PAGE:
This comes at a time when universities and colleges are producing ever-larger numbers of arts graduates, often from courses that often fail to equip them with the skills to find work, particularly in a recession-hit market. The colleges are happy to take the fees, but they wash their hands of the consequences. I think we should be asking why, according to the report, 40% of graduates entering the cultural sector do so through working unpaid – not least because it has massive implications in terms of access. It immediately discounts all those who can't afford to work unpaid, and particularly disadvantages those whose family home doesn't happen to be near London, where many of these unpaid opportunities are. [ital mine]Gardner makes an excellent point, one supplements our past discussion: that the "tradition" of paid internships not only privileges people who have the benefit of private wealth, a doting family, or a partner who is supporting them, but it also privileges people whose families live close to where the theatre is. If you grow up in a rural area far from a professional theatre offering an internship, for example, you must figure out how to pay the rent, whereas someone whose family lives in the city can move back home into their old bedroom and save rent money (not to mention the cost of things like food). This has a major impact on your ability to accept the internship.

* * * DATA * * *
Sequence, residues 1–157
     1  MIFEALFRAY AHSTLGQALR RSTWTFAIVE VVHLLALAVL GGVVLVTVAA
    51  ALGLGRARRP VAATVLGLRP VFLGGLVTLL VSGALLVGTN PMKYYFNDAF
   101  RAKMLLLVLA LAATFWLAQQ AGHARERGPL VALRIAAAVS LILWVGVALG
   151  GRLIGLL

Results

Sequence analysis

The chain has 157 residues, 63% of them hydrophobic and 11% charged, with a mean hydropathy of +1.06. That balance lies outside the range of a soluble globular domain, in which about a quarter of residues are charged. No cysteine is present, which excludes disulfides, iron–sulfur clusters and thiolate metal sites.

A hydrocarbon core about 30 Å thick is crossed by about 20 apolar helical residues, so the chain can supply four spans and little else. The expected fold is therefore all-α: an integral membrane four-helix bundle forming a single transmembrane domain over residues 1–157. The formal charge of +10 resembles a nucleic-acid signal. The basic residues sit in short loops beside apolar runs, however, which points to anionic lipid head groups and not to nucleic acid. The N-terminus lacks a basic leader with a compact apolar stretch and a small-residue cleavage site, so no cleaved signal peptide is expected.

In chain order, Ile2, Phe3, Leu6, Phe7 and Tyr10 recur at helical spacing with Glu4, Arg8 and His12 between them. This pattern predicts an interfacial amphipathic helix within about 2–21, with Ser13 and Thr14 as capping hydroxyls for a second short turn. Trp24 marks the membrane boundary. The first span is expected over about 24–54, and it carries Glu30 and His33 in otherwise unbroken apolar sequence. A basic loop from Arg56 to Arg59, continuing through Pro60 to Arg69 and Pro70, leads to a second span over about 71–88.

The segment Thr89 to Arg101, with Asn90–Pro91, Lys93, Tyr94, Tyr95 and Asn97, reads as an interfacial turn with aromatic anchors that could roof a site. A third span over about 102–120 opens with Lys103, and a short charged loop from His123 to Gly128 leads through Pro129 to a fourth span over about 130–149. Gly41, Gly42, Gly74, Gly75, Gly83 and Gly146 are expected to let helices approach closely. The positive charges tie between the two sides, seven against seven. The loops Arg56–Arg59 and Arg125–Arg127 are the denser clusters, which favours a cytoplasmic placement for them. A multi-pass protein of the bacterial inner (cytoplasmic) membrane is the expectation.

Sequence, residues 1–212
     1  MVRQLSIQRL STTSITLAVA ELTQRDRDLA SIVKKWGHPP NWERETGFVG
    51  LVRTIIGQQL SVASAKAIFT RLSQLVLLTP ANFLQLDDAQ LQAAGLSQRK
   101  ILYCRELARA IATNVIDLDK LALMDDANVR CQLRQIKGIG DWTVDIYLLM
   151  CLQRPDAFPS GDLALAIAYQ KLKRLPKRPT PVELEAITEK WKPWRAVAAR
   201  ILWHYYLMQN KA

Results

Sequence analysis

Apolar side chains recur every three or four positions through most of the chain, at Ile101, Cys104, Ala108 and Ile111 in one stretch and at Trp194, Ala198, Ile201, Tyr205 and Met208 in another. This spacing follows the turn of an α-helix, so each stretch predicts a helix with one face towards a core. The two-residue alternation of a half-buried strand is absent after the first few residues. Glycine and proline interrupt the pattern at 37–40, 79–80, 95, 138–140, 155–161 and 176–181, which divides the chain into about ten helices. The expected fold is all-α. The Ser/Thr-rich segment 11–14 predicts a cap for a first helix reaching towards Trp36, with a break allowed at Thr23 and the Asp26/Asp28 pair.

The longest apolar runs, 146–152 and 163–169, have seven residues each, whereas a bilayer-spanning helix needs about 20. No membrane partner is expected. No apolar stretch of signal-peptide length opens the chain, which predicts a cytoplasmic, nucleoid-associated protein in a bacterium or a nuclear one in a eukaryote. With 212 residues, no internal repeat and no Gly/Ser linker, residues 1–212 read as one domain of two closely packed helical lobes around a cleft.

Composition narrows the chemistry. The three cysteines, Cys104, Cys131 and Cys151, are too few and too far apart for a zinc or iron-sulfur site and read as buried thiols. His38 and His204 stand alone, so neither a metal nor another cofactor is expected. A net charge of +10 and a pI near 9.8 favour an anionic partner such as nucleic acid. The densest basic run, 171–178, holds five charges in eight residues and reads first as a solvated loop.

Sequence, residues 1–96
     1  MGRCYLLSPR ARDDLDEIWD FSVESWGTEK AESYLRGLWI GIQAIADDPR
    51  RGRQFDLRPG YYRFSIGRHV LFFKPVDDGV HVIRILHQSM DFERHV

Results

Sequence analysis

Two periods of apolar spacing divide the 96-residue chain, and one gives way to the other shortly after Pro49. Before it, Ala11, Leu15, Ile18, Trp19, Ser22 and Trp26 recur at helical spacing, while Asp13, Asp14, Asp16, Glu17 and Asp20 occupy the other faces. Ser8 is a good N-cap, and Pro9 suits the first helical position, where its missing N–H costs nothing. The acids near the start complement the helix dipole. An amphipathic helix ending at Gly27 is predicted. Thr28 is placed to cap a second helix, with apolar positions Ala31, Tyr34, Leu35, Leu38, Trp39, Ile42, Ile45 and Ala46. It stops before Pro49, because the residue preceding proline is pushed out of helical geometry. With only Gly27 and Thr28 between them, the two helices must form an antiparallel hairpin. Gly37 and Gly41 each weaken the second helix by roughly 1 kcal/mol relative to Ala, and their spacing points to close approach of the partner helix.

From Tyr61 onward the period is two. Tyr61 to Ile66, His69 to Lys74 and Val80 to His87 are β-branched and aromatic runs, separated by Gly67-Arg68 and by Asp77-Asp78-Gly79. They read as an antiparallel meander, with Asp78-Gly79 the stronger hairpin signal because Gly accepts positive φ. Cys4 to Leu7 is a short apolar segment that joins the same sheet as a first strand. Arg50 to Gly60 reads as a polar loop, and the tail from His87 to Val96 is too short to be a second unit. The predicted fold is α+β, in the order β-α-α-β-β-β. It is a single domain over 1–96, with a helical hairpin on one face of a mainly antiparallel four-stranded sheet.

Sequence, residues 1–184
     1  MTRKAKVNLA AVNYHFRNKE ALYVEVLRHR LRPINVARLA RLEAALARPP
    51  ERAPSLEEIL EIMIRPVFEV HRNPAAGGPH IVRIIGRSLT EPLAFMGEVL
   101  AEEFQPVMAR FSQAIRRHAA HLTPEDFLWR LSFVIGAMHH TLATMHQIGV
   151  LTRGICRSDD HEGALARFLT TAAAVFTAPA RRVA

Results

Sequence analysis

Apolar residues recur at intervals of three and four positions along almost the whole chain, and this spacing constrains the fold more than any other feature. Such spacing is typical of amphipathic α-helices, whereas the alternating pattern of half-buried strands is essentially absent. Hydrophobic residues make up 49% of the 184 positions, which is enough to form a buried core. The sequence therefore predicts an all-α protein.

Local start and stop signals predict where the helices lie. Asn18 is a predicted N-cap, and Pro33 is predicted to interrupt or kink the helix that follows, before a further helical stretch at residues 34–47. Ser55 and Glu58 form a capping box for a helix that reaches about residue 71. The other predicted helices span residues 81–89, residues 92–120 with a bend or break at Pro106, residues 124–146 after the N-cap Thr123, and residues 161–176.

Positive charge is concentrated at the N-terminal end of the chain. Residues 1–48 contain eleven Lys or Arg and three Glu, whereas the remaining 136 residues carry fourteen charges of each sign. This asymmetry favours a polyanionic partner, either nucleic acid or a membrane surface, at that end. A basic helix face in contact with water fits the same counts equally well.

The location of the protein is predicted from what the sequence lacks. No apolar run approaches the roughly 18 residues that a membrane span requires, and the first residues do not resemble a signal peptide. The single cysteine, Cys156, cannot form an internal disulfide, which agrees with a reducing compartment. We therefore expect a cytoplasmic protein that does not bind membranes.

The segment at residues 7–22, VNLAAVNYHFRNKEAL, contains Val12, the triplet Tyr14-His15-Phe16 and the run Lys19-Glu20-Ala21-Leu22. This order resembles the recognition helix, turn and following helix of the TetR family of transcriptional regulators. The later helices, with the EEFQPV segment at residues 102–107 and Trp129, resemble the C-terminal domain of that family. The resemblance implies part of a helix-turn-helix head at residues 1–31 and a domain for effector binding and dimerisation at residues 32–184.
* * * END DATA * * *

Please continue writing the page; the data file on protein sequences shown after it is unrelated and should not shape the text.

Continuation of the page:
Of course, if you do an internship your chances increase of getting hired permanently by an institution after they have worked with you for a while. I think we all recognize that. Getting a foot in the door can help your chances for future employment. But internships privilege certain feet over others. The question, as Gardner says, is one of access, and it provides more evidence that the theatre playing field is not level, not a meritocracy.